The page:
Companies can access Debtor Discovery online, off-line, system-to-system, or via batch processing. In initial test runs of the product by one of the country's top 10 credit card issuers, which already had used other online products and two outside agencies, Debtor Discovery was able to furnish additional information to locate a debtor 55% of the time, Bean says. Debtor is able to link people with their assets, relatives, or another individual, such as a roommate, with whom they previously had an association. It can link individuals with businesses, as well.
First Data Solutions is another company marketing directly to agencies and companies wanting to handle skip tracing in-house. First Data markets an integrated suite of products under the trade name FastData. One of the most useful components for the collections industry, says Timothy F. Maurer, vice president of marketing at First Data Solutions in Omaha, Neb., is a product called Customer Contact. It allows collectors to conduct hard skip activities by integrating the most current data for locating people into the agency's existing system. The information can be delivered either online or batched on the Web, he says, so clients can get the information they need, delivered in a manner that is most efficient for them. One of the main features of Customer Contact, says Linda E. Vidas, project analyst at First Data Solutions, is that it lets collections managers set the search sequence that they want to maintain when conducting a skip trace. First Data counts among its clients many of the top credit card issuers, including banks, retailers, and consumer finance operations, plus many of the top auto finance companies.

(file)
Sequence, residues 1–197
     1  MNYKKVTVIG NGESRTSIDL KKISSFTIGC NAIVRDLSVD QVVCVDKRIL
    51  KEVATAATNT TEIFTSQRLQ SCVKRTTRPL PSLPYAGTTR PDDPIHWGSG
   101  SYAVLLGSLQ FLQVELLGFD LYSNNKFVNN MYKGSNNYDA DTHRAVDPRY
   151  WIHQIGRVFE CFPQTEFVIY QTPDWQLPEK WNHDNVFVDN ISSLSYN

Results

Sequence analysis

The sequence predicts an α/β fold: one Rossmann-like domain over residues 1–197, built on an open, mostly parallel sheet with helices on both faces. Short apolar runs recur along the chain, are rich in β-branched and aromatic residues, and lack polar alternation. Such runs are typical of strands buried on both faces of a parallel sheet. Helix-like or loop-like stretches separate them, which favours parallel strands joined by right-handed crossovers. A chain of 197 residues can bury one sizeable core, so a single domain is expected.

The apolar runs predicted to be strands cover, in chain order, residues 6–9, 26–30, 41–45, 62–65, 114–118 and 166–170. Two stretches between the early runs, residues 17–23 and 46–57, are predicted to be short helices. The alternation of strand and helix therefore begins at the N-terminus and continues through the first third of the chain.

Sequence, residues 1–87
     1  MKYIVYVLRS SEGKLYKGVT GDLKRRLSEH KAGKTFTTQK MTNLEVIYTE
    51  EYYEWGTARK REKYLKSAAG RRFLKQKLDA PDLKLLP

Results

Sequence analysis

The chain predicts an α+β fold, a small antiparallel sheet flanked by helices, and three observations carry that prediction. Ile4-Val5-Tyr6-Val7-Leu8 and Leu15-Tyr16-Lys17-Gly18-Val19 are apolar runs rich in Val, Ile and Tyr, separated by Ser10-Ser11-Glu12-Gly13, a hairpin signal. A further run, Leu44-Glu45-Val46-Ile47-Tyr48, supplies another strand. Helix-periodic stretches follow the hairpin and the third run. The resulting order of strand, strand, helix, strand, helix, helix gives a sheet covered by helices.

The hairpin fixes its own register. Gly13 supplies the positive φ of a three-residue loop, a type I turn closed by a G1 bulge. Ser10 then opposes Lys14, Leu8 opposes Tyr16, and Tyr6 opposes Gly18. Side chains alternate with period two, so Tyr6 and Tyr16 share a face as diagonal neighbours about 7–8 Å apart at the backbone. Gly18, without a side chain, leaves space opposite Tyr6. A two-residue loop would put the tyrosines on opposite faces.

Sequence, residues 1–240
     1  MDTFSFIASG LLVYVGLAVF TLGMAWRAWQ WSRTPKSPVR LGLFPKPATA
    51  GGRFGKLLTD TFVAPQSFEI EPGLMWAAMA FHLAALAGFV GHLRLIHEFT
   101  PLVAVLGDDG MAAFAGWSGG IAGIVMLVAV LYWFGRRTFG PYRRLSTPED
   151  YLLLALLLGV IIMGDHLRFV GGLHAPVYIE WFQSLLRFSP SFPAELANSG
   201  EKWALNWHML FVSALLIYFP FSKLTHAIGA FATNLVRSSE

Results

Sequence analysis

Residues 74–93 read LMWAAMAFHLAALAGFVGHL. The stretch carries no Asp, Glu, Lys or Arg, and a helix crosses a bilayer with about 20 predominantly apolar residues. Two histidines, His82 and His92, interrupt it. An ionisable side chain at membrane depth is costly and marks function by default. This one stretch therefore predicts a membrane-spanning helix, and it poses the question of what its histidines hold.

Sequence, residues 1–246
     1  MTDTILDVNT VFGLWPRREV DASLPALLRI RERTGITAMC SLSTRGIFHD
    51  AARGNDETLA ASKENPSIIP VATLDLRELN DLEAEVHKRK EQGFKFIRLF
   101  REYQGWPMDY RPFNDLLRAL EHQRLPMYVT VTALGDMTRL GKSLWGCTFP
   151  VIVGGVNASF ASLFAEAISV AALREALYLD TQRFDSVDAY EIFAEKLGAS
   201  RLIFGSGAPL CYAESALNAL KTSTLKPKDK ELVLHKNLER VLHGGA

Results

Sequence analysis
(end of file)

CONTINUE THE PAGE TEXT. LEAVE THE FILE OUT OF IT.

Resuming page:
The drive to improve the efficiency of operations is another trend affecting the industry, Maurer says. Companies are always working to keep costs down so collectors need to reach the right person and arrange payment, if possible, quickly. Automation of the skip-tracing process is key in today's labor climate, Maurer points out. "Automation enables collectors to produce more quickly and cost efficiently in a tight labor market," he says. That creates demand.
And prices have come down. Access to the data has become less expensive as access has become easier over the Internet, says Michael S. Dores, president of Merlin Information Services, based in Kalispell, Mont. His firm sells public record information, such as property, motor vehicle, and court records over the Internet and on CD-Rom to clients interested in locating people and assets.
To remain competitive, Dores says, skip-tracing companies have to distinguish themselves. For example, he says, Merlin Information Services specializes in national databases and California databases and making it easier to locate information in them.